European timber companies have helped fund the war in the Central African Republic through lucrative deals with rebel militia groups accused of war crimes, campaign group Global Witness alleges in a new report. It accuses the EU of failing to stop imports of illegal timber to Europe. Timber companies from France, Lebanon and China paid more than $4m (£2.5m) to rebels in 2013 alone, mainly for protection services, the report says. Thousands of people have been killed in the conflict, and the UN has accused rebels on all sides of mass murder, kidnappings, rapes and the forced recruitment of child soldiers.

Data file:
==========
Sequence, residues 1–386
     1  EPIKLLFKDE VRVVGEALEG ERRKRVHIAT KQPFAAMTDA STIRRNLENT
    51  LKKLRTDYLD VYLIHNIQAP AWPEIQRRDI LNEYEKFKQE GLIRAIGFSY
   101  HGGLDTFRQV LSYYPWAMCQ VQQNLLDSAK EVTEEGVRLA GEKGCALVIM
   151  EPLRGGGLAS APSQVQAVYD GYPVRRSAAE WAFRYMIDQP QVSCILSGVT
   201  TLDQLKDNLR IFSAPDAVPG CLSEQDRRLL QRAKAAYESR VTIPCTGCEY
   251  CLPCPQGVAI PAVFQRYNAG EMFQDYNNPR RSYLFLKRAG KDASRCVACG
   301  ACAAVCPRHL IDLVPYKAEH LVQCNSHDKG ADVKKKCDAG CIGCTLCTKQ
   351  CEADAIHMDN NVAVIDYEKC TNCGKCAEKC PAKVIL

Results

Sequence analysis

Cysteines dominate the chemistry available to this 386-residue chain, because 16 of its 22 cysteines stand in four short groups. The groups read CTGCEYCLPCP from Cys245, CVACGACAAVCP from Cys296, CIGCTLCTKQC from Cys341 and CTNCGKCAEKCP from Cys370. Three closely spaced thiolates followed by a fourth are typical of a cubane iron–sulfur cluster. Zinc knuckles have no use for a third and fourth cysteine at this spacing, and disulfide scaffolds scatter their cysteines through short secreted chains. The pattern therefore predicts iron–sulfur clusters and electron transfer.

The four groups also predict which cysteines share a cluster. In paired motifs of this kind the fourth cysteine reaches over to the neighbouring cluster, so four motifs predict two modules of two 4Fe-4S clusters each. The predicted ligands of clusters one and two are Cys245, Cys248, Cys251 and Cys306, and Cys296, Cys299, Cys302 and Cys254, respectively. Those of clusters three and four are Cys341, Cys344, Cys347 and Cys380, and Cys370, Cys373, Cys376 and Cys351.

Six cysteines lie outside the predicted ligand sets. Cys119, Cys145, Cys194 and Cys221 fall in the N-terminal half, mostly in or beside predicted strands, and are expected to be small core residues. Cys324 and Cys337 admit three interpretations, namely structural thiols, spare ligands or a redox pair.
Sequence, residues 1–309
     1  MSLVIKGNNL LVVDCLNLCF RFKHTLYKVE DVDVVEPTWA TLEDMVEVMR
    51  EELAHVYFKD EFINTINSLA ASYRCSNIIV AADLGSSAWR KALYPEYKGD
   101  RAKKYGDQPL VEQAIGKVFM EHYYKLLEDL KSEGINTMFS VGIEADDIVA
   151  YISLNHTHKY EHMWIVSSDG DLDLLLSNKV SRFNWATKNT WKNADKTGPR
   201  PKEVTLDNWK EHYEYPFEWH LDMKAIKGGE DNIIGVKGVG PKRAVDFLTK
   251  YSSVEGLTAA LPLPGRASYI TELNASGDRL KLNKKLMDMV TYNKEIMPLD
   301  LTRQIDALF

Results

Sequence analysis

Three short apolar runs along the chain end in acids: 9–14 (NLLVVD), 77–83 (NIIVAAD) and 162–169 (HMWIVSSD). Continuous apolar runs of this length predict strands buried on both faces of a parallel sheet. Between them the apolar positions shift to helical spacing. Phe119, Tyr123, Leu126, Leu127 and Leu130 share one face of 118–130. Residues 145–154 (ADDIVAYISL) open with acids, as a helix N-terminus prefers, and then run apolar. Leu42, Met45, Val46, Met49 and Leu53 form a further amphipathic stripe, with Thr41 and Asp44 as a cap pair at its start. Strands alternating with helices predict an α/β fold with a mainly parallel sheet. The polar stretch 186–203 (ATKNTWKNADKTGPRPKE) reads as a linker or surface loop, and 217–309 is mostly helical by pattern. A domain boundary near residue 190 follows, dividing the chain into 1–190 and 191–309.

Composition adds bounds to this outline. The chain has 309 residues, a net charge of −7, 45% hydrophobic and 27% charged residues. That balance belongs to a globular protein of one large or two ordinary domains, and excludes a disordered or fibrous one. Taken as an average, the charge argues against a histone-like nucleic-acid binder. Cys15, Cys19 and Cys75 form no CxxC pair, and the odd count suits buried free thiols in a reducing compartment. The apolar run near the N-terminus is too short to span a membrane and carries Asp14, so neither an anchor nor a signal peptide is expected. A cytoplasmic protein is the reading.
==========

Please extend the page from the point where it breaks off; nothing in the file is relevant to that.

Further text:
The report also criticises the EU for failing to seize any timber coming from the CAR since the start of the conflict, despite European regulations against illegal timber. Europe accounts for nearly two-thirds of timber exports from the CAR, and companies in France, Germany and Belgium have all been trading in the commodity, it says. "It is tragically ironic that while European governments invested hundreds of millions of euros in military and peacekeeping operations in CAR, those same governments have failed to keep conflict timber off EU markets," Alexandra Pardal, Campaign Leader for Global Witness said in a statement.